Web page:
23 August
Mt 20:1-16

"The kingdom of heaven is like a landowner who went out early in the morning to hire labourers for his vineyard. After agreeing with the labourers for the usual daily wage, he sent them into his vineyard. When he went out about nine o'clock, he saw others standing idle in the marketplace; and he said to them, 'You also go into the vineyard, and I will pay you whatever is right.' So they went. When he went out again about noon and about three o'clock, he did the same. And about five o'clock he went out and found others standing around; and he said to them, 'Why are you standing here idle all day?' They said to him, 'Because no one has hired us.' He said to them, 'You also go into the vineyard.'
When evening came, the owner of the vineyard said to his manager, 'Call the labourers and give them their pay, beginning with the last and then going to the first.' When those hired about five o'clock came, each of them received the usual daily wage. Now when the first came, they thought they would receive more; but each of them also received the usual daily wage. And when they received it, they grumbled against the landowner, saying, 'These last worked only one hour, and you have made them equal to us who have borne the burden of the day and the scorching heat.'  But he replied to one of them, 'Friend, I am doing you no wrong; did you not agree with me for the usual daily wage? Take what belongs to you and go; I choose to give to this last the same as I give to you. Am I not allowed to do what I choose with what belongs to me? Or are you envious because I am generous?' So the last will be first, and the first will be last."

The verse immediately preceding this reading says, “Many who are first will be last, and the last will be first.”  The same verse occurs at the end of the story, framing it neatly.  This story then illustrates the principle in practice. 

Rabbis told a story about a landowner who paid a man as much for two hours’ work as he paid others for a full day’s work.  But this was because the man had done as much work in two hours as the others had done in a whole day.  The story is only superficially like Jesus' parable: theirs is a story about merit, not about grace.  In Jesus’ parable, the late arrivals didn’t deserve as much as the others, but by the generosity of the landowner they received as much.  The landowner would know that a man could not support his family on the pay for one or two hours’ work, so he paid him a ‘family wage’.  In other words, he didn’t see the workers as just ‘hands’, he saw them as full human beings.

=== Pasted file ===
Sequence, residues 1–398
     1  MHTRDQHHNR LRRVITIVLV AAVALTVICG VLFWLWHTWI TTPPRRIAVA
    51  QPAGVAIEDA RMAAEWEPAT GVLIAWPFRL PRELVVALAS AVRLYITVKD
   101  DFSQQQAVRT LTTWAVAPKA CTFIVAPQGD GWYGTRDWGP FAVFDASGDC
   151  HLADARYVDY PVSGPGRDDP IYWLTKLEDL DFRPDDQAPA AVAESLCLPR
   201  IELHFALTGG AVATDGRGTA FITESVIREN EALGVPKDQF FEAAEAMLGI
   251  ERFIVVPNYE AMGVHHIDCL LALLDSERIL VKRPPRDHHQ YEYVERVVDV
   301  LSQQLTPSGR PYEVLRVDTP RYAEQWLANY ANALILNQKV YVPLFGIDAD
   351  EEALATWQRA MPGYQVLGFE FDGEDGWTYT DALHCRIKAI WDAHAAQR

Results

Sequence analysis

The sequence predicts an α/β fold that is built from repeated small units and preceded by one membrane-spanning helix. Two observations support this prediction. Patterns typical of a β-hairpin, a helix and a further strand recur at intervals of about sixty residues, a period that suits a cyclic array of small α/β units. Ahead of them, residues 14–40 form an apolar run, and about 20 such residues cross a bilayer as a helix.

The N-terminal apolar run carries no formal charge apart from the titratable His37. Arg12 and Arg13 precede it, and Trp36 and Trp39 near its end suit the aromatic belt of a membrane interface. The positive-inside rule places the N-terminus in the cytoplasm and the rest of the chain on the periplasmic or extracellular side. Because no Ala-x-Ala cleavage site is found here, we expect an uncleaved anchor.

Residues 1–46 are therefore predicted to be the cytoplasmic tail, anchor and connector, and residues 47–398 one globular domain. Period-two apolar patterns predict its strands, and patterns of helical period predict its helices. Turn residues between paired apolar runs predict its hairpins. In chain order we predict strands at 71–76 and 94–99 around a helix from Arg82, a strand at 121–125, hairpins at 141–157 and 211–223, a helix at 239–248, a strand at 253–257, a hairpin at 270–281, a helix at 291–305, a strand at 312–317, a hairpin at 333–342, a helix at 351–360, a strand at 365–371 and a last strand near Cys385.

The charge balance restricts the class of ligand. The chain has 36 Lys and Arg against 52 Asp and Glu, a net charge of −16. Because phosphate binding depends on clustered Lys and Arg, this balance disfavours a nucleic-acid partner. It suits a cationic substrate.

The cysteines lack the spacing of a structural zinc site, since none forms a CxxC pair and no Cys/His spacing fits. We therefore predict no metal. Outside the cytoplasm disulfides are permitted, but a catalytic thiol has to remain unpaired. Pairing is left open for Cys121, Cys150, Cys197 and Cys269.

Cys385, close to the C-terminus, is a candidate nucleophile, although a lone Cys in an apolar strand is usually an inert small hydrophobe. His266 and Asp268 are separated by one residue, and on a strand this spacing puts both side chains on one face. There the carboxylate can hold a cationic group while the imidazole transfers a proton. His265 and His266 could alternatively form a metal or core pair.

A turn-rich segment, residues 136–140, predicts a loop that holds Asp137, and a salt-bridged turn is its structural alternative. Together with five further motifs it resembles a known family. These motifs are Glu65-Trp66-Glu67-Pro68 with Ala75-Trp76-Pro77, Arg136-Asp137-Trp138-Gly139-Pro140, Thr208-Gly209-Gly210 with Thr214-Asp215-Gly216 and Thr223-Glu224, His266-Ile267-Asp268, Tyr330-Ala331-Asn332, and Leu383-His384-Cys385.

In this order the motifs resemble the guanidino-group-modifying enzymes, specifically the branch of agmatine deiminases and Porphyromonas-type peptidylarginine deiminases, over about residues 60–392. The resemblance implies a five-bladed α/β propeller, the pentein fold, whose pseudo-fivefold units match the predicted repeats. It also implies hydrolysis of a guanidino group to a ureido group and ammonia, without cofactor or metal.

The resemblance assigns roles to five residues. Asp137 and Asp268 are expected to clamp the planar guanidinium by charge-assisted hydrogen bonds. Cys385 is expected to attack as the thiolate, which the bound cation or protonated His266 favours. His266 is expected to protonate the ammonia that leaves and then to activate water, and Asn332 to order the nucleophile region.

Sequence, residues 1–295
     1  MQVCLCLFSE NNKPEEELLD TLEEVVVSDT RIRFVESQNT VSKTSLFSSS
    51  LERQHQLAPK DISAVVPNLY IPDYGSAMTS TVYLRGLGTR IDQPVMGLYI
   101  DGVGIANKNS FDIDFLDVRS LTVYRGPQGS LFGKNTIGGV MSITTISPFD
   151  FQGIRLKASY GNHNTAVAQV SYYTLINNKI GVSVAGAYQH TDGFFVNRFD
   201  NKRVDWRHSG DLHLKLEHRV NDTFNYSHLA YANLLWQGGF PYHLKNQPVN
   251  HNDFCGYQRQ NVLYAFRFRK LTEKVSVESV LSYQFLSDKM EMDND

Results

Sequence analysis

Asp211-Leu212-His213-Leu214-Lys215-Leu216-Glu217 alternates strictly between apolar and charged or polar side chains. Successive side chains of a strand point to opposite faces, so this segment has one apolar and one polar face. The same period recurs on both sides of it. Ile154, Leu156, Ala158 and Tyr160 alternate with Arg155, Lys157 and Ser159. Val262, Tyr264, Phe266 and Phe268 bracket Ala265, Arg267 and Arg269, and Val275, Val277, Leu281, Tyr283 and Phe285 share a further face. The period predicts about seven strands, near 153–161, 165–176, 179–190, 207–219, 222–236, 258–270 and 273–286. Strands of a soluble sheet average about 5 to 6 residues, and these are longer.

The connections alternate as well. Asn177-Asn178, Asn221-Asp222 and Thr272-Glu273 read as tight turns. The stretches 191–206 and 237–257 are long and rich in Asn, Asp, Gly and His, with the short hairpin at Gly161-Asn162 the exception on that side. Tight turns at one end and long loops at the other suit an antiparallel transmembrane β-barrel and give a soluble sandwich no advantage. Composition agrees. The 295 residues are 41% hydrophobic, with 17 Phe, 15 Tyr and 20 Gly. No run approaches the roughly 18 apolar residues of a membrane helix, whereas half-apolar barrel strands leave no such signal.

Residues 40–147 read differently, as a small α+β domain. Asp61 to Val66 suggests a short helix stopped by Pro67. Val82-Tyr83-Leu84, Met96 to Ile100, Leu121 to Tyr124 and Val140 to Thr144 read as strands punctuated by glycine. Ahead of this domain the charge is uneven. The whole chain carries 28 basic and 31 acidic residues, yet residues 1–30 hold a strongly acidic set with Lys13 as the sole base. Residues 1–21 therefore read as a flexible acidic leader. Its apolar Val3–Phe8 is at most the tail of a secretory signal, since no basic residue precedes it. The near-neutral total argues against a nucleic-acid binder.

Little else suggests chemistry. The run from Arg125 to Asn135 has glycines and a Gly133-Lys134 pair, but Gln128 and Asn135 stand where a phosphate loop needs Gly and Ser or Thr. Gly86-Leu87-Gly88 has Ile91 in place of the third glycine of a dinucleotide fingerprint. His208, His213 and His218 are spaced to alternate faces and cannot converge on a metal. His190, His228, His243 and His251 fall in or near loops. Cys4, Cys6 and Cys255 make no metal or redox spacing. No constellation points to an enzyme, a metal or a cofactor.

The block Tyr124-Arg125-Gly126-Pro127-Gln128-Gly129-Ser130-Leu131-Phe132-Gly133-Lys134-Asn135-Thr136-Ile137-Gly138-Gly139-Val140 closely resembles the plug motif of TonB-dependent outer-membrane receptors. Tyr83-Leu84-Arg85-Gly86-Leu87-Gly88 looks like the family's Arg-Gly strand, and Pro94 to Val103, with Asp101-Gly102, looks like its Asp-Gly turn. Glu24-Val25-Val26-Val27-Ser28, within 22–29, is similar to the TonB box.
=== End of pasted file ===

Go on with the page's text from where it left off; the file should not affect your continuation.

Those who had worked all day were “envious”.  An older and more literal translation had, “Is your eye evil because I am good?”  They had an evil eye.  When they looked they were blind to the generosity of the landowner because it was others who were benefiting by it, and not they themselves.  This is how the ego sees: it is the original evil eye.  When the ego prays it says, “Give me this day my daily bread, and don’t worry about the others.” 

 

 
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This page gives a very brief commentary by Donagh O’Shea on the gospel reading for each day of the month. 

 

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